Last week I went home to Minnesota for my Grandmother's funeral. While it was definitely tearful, and she will be dearly missed, it was also, in a way, a celebration of her life and how present she was in all our lives. Born in 1913 as Mary Batchelder, grew up in Granite Falls, MN, attended University of Minnesota, married Fallon Kelly in 1935, had four children - Kitty, John (my dad), Anne, and Molly, who gave her 18 grandchildren, and they gave her more than thirty great grandchildren. In the last few weeks I've been filling a journal with stories of her, from my childhood until now. Lots of beautiful, sweet, funny, and sentimental memories. I smile as I think of them even this very minute. I've flipped through photos, both here and at my parents home, and even more memories flooded in. It's hard to think of her not being at the other end of the phone, or opposite me at the dining table, but it was her time, and we are grateful for a full, happy, healthy life she enjoyed.
After the funeral last Friday we had a family dinner with all the relatives (there were alot!) and there was encouraging chatter about sharing stories. You may not know this about me, but I am a total chicken when it comes to standing up in front of a crowd, even if they are loved ones. Several of my cousins got things started and confidently stood up to share a favorite memory or two. This one spoke, then that one. We laughed, we toasted. Dad spoke. Mom spoke. I squirmed in my seat, wondering which story to share, hoping I could muster the courage to join in, and refrain from crying before I finished. I wasn't sure I could do it. But I didn't want to miss the chance to say she mattered. That evening It became a running joke between cousins, as each took a turn, claiming they were the favorite grandchild. When I did leave the safety of my chair at the corner table, I managed to squeak out a few sentences before my throat clenched and the well of tears was ready to burst. I said that we each knew Grandma's qualities, which were many - including hunter, hostess, golfer, great listener, matriarch....but that she also knew everything about US. She *got* us. Each and every one of us, of every age. She knew what we were each about, what we were into, what was going on in our lives, because she was genuinely interested in even the smallest of details. For years she was sending me newspaper clippings of articles I would enjoy, she was the first person to take me to an art museum (Walker Art Center), she gave me my first book of poetry, ..... later she wanted to know what my latest project was, we'd exchange thoughts about books we'd read, she wanted to know what Graham was cooking, where Peter was working, what Sam was doing, what Fallon was studying. It was the same with all my cousins and their families. It occurred to me, after I sat down, that in addition to making the statement that she *got* us, that it was obvious I left out one important observation. I can't get a re-do, so I will finish my thoughts here. I can see now that the reason we each felt like we were the favorite grandchild, was because that was her gift. That connection of feeling important and special is what she gave us, and hopefully she felt in return. What a great life lesson. To make each person in your life - relative or friend, feel like they are your favorite. Thank you Grandma. I will try to live up to your example for the rest of my days.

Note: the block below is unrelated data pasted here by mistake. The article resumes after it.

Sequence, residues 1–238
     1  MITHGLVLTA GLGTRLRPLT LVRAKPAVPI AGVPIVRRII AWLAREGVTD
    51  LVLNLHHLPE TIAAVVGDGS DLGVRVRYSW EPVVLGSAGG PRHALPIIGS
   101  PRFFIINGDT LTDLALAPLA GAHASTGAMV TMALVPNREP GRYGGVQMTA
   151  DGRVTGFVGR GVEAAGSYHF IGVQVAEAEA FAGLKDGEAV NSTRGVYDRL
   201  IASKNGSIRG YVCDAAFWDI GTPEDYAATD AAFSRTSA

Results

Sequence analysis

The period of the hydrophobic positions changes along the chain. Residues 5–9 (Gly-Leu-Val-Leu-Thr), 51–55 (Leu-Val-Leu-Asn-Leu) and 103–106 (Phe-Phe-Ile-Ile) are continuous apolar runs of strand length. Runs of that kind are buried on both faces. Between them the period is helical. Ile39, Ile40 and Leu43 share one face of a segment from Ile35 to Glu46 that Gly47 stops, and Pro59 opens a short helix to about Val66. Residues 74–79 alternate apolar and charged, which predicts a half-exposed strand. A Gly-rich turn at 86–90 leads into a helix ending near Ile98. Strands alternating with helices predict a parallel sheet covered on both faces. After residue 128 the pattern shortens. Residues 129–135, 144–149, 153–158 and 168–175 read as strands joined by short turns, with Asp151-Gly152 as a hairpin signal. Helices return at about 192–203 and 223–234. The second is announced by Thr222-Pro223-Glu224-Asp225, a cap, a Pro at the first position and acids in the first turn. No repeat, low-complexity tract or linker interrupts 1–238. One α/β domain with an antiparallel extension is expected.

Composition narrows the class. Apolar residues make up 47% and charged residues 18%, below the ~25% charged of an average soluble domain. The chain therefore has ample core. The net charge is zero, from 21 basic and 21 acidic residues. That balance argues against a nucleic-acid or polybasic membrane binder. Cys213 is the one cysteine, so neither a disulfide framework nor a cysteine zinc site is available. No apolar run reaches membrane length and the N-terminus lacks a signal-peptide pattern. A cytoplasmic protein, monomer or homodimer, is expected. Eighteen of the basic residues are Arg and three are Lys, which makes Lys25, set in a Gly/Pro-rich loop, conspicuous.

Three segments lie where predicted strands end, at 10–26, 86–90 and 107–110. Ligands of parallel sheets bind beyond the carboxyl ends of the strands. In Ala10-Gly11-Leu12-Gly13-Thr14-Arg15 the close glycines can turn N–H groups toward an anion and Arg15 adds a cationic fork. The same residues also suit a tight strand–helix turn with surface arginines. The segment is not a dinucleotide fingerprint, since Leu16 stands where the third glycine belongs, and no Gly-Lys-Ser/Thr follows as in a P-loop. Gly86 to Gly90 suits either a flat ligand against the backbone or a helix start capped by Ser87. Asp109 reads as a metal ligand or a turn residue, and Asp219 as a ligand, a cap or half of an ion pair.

Here's a small view into her life....
My last photo with her, August 2014. She lived to 102....we were so lucky!